She thrashes around, but I press my weight against her, sandwiching her against the table like I’m trying to do her from behind. I learn something in those sixty or so seconds it takes to drown my wife in her over-seasoned beef stew, and that is anyone who’s on the verge of suffocation will do whatever it takes to keep breathing. They exhibit superhuman strength as their bodies dump a gallon of adrenaline into their bloodstreams. I have to ride Priscilla like a cowboy trying to break a wild horse, pinning her down as she bucks her hips and arches her back to throw me off. I hear the sound of ripping cloth and realize the arms of my shirt are tearing at the shoulder seams, and I can smell the stink of my exertions wafting out. The tureen slides around on the table with her struggles and some of the stew gravy sloshes out and down the sides, but I hold her head steady because I want her dead even more than she wants to live. I guess that’s the equation behind every successful murder.
Finally, she stops bucking and her body gives one final shudder. I imagine that’s the moment the stew fills her lungs, though I don’t know exactly how these things work. Either way, I count to a hundred and twenty. Only a Navy Seal could hold in a breath that long.
Once I’m sure she’s dead, I remove my hands and step away. Her limp body sags to the floor, her chin overturning the tureen as she goes. Brackish meat gravy with a dull confetti of carrot, potato, and herbs floods the table, running down the vinyl tablecloth in a wide stream that looks like diarrhea. My stab wound doesn’t even hurt now, probably from my own glut of adrenaline that’s making my eyes bulge.
The enormity of what just happened doesn’t hit home until I look at Priscilla’s face, which is puffed and brown-black with stew and asphyxiation. My gorge rises, burning my throat with soured beer, but I swallow it back. She looks like some kind of racist caricature. But Priscilla had been no racist. She’d been an elitist bitch, a dyed-in-the-wool bleeding heart liberal. Then it occurs to me that she and I would never argue about politics again. I wouldn’t have to hear about how I should vote for her guy, and then suffer her disdain when I didn’t. Along with breathing, cooking, and playing Canasta, Priscilla would never vote again.
Part of me—the snickering demon that took pleasure in holding my wife’s head in a pot of stew as she thrashed for her next breath—is enjoying this. But the human part of me, the coward that stood aside and watched with horror as I drowned the woman with whom I sometimes shared cheese and crackers in bed, is screaming. And the screams echo through the two-story brick house we bought brand new in 1972 intending to fill with kids that never came due my low sperm count. I suppose that alone should have proven we weren’t very compatible, but I’d loved her and she’d loved me. And I killed her over a bad hand of cards, like some Old West outlaw, but with none of the honor or flair.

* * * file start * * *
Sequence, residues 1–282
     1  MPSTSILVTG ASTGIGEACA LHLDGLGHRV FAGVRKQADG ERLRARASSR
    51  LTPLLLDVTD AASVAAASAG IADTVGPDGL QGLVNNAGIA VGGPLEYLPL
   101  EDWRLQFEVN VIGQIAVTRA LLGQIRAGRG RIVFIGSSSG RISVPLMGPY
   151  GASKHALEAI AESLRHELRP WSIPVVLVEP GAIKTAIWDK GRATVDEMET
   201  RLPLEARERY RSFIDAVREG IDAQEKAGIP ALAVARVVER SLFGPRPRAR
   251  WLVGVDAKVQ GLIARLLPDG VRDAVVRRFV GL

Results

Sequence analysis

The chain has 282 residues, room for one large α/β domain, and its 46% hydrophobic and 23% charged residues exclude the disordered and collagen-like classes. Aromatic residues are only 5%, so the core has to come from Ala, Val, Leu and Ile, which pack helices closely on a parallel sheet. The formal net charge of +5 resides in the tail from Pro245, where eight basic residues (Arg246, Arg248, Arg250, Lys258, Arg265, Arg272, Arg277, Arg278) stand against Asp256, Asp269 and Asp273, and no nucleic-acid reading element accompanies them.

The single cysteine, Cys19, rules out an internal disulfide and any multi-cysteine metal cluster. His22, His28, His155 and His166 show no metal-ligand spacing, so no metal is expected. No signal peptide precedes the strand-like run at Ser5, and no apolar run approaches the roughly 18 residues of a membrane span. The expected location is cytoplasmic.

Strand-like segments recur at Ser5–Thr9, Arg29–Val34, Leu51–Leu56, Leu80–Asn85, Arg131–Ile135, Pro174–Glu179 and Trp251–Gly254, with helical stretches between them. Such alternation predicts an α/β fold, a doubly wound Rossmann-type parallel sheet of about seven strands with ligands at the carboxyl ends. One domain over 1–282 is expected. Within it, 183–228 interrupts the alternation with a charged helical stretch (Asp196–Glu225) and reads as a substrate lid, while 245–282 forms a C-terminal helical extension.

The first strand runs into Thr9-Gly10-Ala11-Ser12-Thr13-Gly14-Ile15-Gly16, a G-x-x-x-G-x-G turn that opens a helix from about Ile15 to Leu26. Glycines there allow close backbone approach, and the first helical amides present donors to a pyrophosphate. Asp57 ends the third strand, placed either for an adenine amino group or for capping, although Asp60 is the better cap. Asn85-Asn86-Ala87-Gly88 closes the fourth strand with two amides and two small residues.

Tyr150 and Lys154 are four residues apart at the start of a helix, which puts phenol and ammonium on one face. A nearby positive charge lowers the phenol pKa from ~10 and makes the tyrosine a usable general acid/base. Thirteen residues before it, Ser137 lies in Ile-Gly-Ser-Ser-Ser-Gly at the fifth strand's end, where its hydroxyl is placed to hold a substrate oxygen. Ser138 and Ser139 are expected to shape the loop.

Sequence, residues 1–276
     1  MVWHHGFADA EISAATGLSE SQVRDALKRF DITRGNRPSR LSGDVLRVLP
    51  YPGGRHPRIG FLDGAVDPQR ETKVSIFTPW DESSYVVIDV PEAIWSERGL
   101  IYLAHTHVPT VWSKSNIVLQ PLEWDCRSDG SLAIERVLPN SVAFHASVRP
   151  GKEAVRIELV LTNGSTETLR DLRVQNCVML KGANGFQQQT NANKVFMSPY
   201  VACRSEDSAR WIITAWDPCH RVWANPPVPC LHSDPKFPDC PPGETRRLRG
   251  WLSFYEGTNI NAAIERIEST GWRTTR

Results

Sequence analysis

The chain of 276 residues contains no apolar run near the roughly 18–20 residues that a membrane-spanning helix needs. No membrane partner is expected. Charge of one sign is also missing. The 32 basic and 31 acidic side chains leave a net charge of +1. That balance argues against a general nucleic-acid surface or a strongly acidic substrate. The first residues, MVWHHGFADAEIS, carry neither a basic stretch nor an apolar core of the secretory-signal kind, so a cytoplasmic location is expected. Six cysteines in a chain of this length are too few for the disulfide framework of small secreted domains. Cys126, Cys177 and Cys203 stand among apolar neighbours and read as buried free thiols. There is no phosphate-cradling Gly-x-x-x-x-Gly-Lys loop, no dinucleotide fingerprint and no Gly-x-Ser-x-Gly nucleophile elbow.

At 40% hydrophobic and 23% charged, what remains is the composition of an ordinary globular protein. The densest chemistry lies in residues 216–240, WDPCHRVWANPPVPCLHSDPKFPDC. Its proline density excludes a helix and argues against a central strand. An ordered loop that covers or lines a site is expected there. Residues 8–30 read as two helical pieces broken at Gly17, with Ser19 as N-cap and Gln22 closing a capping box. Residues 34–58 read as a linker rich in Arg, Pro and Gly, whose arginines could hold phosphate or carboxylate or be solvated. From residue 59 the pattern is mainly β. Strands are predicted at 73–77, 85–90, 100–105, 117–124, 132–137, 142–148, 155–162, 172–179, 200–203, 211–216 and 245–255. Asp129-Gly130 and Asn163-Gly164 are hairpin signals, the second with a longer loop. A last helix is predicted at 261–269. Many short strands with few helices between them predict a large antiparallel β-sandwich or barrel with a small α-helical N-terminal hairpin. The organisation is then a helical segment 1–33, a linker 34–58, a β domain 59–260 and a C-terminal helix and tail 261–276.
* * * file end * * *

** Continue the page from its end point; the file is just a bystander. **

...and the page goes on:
I can’t exactly call the police and report an accidental beef stew drowning. Even if I clean her up, they’d want to do an autopsy, and thyme-flavored brown sauce in the lungs and throat isn’t what any coroner would call natural causes. Stashing her somewhere until I can think up a plan seems the best option.
After putting the cards and score pad on the buffet and carrying the tureen and other dishes to the sink, I remove the soiled tablecloth and spread it next to Priscilla’s body. I wrap her up tight and tuck in the end close to her head. Her feet, clad in her favorite white Keds, still stick out, but that’s fine. It’s her face I want to hide.
The basement is the best place to put her. Though the thought of her dead body anywhere in the house gives me the chills, it’s cool, dark, and out of the way. I sling her over my shoulder and carry her down the steep, creaky stairs she’d been on me to replace for years, sweating buckets under the strain. She was always petite, but I remember reading somewhere that dead people are damn heavy.
There’s a storage cabinet under the stairs, and I prop her up in there on a couple cases of bottled water. Closing the cabinet, I stop cold when a white rectangle on the floor catches the corner of my eye. It’s the queen of diamonds, its corner covered with a dollop of stew gravy. It must have stuck to the tablecloth. I don’t want to touch it—the card’s presence here just seems wrong, or rather too right—but I pick it up so I can put it with the others.
The dining room is a mess—streaks of stew on the tile, a crooked table, an overturned chair—but no one would ever guess a murder had taken place here. First, I go to the bathroom and inspect my hand. The wound between the knuckles hurts like hell, but it has clotted at least. That I can still feel and move my fingers must mean nothing important was severed. I dab it with some antibiotic ointment from the first aid kit and wrap it with gauze before moving on with the rest of the clean-up.
As I mop the floor and wipe up the spatters of stew from the walls, I think of what happens next. What would a real murderer do? Cleaning his tracks, thinking of a good burial site. Maybe I can create the illusion of a man whose wife up and left him after forty years, and in the morning I’ll pack her clothes and other things in some suitcases and make them disappear too. There wouldn’t be a note, though. They have handwriting experts for that. There’s also the question of money. Cops will wonder why she hasn’t used her bank card since disappearing, but I guess any decent defense attorney could find an argument around that. “Can’t have a murder without a body, so I have to hide her good,” I say to the empty room. My voice is steely and cold.